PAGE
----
CONFERENCE

The Argus Live: Carbon Markets and Regulation (15-16 July) conference is a 2-day virtual event that will provide participants with the latest pricing predictions, as well as updates on global policy and regulation within the carbon market. There will also be sessions focusing on the developments and opportunities in the voluntary carbon market. Hear from speakers such as DG CLIMA, EEX, ClearBlue Markets, CF Partners, BASF, Gold Standard, South Pole, Redshaw Advisors and many more. Carbon Pulse readers can receive 15% off their registration fee using the code CARBONPULSE15 at checkout. Register today

EMEA

Farming filip – EU negotiators have struck a deal on reforms to the bloc’s Common Agricultural Policy, ending three years of struggle to agree to spend €387 bln, around a third of the EU’s 2021-27 budget, on payments to farmers and support for rural development from 2023. The deal aims to shift money from intensive farming practices to protecting nature, and rein in the 10% of the bloc’s agriculture GHG emissions. It requires countries to initially spend 20% of payments on eco-schemes such as restoring wetlands or organic farming. (Reuters)

ASIA PACIFIC

A little bit greener – China has gotten a lot of criticism in recent years for funding high-polluting projects under its Belt and Road Initiative. This week 29 of the involved nations, including Indonesia, Kazakhstan, Malaysia, Pakistan, Saudi Arabia, the UAE, and Vietnam, signed a “Green Development Partnership Initiative”, which mentioned the Paris Agreement and the need for every country to deal with climate change. The agreement lacked specifics, though observers said China has previously refrained from imposing green objectives on participating nations, and that this deal might add some impetus to focus on cleaner projects.

AMERICAS

Bridge brief betrayal – President Joe Biden’s administration sided with Canadian pipeline company Enbridge on Wednesday, when it filed a brief asking a federal court to throw out a legal challenge from tribes and environmental groups over the construction of the Line 3 tar sands oil pipeline. While the Army Corps of Engineers could still revoke the permits, issued in the final days of the Trump administration, the administration’s defence of the pipeline is “a betrayal of the Indian people,” Winona LaDuke, executive director and a co-founder of Honor the Earth, told the New York Times. On Thursday, Minnesota Public Radio reported Enbridge had received an amended permit from the Minnesota Department of Natural Resources allowing them to pump nearly 10 times as much water from the ground to build the pipeline – which Native groups worry will threaten vital water resources – than their permits originally allowed. (Climate Nexus)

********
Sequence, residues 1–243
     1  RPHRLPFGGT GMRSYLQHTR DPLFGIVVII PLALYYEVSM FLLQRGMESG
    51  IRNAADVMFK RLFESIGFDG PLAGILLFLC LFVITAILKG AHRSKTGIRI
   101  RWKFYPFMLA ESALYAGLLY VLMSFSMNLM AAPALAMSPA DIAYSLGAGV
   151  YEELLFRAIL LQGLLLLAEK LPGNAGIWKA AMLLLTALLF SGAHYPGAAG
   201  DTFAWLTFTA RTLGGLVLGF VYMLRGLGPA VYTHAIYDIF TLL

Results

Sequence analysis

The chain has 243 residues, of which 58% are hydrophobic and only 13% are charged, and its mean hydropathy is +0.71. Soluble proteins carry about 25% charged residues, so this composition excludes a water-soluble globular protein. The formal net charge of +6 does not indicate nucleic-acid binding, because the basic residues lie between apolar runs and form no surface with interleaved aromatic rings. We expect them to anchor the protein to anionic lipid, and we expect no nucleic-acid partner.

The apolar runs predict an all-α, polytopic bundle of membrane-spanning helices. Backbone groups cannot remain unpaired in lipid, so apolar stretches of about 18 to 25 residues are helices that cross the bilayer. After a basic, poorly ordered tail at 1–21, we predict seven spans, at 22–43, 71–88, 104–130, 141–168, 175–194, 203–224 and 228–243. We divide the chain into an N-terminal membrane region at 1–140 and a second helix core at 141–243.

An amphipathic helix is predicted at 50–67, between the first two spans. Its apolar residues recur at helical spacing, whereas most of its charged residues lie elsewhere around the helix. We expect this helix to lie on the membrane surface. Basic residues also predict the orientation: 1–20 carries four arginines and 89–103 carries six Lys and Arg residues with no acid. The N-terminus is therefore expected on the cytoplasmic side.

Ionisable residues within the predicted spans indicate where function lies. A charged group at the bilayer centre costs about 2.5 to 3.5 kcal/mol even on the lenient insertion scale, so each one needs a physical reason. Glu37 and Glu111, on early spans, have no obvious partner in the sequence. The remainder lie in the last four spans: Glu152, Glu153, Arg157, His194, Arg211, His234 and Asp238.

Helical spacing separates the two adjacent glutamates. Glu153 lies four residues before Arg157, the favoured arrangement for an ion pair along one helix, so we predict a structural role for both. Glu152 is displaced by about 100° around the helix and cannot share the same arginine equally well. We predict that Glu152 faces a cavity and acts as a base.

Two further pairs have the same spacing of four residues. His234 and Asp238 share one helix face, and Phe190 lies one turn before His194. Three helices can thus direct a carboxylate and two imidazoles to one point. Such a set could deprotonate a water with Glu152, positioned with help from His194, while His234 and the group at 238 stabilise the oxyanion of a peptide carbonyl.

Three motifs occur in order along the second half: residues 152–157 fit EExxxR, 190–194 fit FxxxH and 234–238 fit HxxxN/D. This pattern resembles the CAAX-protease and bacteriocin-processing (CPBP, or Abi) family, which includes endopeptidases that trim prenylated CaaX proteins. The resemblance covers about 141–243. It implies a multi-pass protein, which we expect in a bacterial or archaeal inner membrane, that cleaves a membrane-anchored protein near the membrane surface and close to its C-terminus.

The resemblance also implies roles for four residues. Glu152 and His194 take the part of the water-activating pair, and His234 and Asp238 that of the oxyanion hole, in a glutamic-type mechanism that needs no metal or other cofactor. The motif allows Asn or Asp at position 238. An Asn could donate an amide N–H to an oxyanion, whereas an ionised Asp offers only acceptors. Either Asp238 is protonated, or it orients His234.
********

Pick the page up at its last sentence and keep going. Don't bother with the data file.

VOLUNTARY

October skies – The airline industry’s global trade group IATA will propose a net zero 2050 target and ask carriers to adopt the goal at its annual meeting in Boston in October, according to its boss Willie Walsh. While airlines including IAG, Delta, and United have made net zero commitments, IATA hasn’t updated its own 2050 goal of a 50% cut under 2005 levels since 2009, while the sector’s emissions have soared. Walsh argues that while there’s little that carriers can do on their own, there’s a credible path toward carbon neutrality if governments, oil companies, and planemakers pitch in to do their share by supporting sustainable fuel development, building cleaner planes, and enabling more efficient routing. (Bloomberg)

AND FINALLY…

Donor demand – Individuals and companies linked to the oil and gas industries have donated at least £419,000 to the UK’s ruling Conservative party in the past year, while the government mulled controversial new licences to explore the North Sea for fossil fuel production sites it eventually cleared in March, The Guardian reported in a collaboration with climate investigative journalism website DeSmog. The paper pointed out that the companies or their senior personnel listed as donors made no direct representations to the government over the award of oil and gas licences, adding that ministers held no meetings with the companies in the past year. A government spokesperson said the UK was working hard to cut fossil fuel demand and eliminate Britain’s contribution to climate change, but stressed that there will continue to be ongoing demand for oil and gas.